In Part I 13 Reasons Why I Love Transitional Style, I gave six reasons:
- Color - warm neutral colors such as taupe, khaki, creme, and beige and accenting black and cocoa. Neutral colors make us feel relaxed.
- Strong lines in furnishings and accessories paired with soft curves, shapes that are elegant, simple and visually relaxing.
- Also, furniture designs have clean lines; that is, ornate patterns are not to be found in the transitional style.
- I love the variety of materials found in transitional that range from wood to metal to translucent furnishings.
- Clean walls that are not necessarily boring but may be one of the 270 hues of white to a taupe to even a strong dark shade of gray.
- Simple flooring. I'm a huge fan of hardwood floors, a simple area rug then layered with a smaller shag or flokati rug. It gives a simple but layered look to the flooring.
The overall design theme of transitional style is that "less is more."
7. Understated Patterns
Soft, light blue and white, a classic color combination, are repeated in varying sizes from window treatment to the herringbone throw to the zebra fabric on the ottoman. A pattern in the rug anchors the composition. I love how the navy blue bedroom (?) and the painting in the backdrop create an accenting distraction--but a nicely and exciting one.
8. Elegant But Simple Window Treatment
Transitional style lighting fixtures are more often offered as modern fixtures. I take the view that transitional lighting fixtures are more of an update of the traditional style, such as those illustrated here. However, it's important to note that by mixing both traditional and contemporary in the same room works just as well. For example, a chandelier that is contemporary but wall scones are more traditional. Look for common elements in color, shape and materials.
The red sconce here is also stated as defining the space as transitional although the caption states contemporary. I thought this a perfect example of just how versatile is the transitional style.
This is a wonderful example of mixing an updated traditional chandelier with contemporary table lamps. Color and lamp shades really pull the two styles together.
10. Visual Presentation
By visual presentation, I mean that transitional strikes a balance between traditional and contemporary. One interior designer suggested that for every piece of traditional, you should balance it with a contemporary piece. I'm on the fence with that idea. It feels too formulaic for my taste. I do like the idea that suggests adding "a few" other period pieces, such as modern, definitely adds to the interest of a transitional design.
My dilemma is that I have more traditional pieces than contemporary and am working through the process of editing before adding. I will definitely be studying very closely such rooms illustrated below:
I included this next image just to illustrate that indeed you can have a transitional style (as labeled) and load it with stronger colors than neutrals. Here too you will find more modern elements as seen in the chevron fabric style and cocktail table. What makes these items more modern? I suggest that the high gloss found in the glass and gold metal frame of the cocktail table; and the sharp bold edges in the chevron rug pattern.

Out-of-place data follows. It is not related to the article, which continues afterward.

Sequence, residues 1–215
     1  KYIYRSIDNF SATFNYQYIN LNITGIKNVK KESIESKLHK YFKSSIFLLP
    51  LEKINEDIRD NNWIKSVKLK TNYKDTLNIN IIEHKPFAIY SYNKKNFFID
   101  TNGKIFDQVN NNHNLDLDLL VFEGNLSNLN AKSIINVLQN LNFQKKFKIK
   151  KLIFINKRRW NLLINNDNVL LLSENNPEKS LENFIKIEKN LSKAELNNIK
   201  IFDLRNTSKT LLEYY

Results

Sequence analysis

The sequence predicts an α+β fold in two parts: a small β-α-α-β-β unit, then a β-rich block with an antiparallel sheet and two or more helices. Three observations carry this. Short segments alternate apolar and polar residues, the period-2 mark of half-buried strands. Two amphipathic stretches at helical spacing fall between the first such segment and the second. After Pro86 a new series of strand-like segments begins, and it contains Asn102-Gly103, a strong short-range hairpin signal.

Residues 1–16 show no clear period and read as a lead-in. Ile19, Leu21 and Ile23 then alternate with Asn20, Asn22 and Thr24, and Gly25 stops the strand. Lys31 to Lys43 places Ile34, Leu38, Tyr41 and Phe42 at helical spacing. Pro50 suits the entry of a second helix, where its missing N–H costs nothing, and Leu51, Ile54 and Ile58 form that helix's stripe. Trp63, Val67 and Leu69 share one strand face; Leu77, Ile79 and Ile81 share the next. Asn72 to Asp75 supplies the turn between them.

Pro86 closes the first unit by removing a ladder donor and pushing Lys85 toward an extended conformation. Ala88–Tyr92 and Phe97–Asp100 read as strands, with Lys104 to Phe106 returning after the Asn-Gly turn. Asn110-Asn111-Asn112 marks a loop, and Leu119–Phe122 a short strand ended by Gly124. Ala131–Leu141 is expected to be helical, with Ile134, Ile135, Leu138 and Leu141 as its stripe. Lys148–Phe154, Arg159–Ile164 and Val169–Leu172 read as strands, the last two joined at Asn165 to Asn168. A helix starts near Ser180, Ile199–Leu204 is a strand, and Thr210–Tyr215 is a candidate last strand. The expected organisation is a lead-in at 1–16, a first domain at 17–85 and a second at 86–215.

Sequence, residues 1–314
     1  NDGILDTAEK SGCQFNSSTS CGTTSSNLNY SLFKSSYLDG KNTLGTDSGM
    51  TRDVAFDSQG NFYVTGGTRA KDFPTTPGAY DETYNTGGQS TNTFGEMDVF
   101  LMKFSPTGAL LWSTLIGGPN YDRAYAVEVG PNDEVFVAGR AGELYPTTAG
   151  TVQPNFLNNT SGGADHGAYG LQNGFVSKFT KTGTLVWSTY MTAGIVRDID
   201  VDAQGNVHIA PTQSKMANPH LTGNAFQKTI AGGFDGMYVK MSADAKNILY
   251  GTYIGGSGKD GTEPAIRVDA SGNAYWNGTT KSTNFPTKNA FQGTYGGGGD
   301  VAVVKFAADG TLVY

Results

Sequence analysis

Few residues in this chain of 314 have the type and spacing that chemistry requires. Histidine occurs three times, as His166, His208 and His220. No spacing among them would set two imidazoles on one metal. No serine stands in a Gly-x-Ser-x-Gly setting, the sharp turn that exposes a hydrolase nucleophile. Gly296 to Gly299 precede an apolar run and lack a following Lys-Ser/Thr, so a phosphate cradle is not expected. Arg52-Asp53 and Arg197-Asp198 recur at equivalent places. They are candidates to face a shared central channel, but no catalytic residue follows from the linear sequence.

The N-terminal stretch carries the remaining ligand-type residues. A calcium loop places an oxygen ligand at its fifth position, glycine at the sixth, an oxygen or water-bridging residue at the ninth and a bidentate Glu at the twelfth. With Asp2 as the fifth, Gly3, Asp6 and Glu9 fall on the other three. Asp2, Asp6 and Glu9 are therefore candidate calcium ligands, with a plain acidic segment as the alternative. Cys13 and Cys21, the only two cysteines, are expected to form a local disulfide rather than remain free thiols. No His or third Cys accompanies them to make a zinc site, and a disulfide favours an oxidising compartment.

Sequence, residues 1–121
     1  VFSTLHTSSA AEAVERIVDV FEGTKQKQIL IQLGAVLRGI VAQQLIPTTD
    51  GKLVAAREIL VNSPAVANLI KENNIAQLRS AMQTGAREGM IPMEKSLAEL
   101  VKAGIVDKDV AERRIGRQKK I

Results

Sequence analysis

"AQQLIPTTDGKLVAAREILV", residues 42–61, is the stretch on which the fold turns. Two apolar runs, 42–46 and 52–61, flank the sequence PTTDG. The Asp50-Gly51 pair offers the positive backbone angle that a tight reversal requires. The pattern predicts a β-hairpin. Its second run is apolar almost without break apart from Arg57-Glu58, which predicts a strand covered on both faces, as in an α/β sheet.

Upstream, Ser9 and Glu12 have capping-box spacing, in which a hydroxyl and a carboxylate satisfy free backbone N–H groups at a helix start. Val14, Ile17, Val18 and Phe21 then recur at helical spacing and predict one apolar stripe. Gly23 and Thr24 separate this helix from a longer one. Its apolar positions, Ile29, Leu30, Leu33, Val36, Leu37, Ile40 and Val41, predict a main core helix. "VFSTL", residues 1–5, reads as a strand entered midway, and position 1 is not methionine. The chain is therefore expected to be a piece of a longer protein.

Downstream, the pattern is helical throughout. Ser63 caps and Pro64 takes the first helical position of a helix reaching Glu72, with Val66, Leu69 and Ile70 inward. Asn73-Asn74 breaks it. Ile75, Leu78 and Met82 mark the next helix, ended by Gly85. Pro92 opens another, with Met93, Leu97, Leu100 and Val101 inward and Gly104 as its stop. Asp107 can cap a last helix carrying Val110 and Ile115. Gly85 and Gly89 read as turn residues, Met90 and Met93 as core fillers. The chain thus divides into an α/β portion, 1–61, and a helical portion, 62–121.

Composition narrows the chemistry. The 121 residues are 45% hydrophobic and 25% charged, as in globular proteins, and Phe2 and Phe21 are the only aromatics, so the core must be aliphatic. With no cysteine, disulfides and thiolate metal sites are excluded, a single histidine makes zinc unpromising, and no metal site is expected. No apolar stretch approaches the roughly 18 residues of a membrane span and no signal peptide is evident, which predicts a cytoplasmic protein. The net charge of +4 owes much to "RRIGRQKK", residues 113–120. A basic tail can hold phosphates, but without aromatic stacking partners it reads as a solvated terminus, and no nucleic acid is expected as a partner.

I simply love . . . I must say this twice . . . love natural fiber: matte colors found in cotton and linen; the coarseness of wool; and the sheen in silk and leather; or any of the blends--as long as natural fibers account for the higher percentage. Even more fascinating about contemporary fiber is that each of these can be found with or without a sheen and with or without naps.
One my favorite sofas combines a leather frame and back cushions with wool blend seat cushion fabric:
As in the contemporary style, accessories in the transitional style are minimal. Still, each piece is substantial. Artwork is unframed or completed with simple straight line frames. Sculptural pieces, like lighting, are clean lined and strong.
13. A Design That Is Enduring
In summary, I love the transitional style for its elegance; its reference to classic designs; and its versatility and easy acceptance of what is contemporary. With careful editing and selections, it doesn't have to become dated with the "now" design elements. Most of all, I love the transitional design for its faithfulness to comfort.
It fits perfectly with apartment living--any apartment style from brownstones to high rise to penthouse.
As I was writing this post, I ran across many myths, misunderstandings and a "breaking of the rules" about transitional design. But one fact was consistent in that there are more of our homes that are truly transitional than we think.
My thanks to these authors for giving me a foundation of information on transitional design:
- Three excellent articles written by Lisa Federick: So Your Style is Traditional ; So Your Style is Contemporary ; and So Your Style is Transitional
- Wikipedia: Modern Furniture
- HGTV Transitional Style 101
- Home Decorators What's Your Style?
- Transitional Style: Light, Art and Accessories by Kerrie Kelly
If you love the transitional style, I would love to hear from you. If you love another style, I would love to hear that too. And if you even liked this post . . . well, let me know that too. Just click on the like button!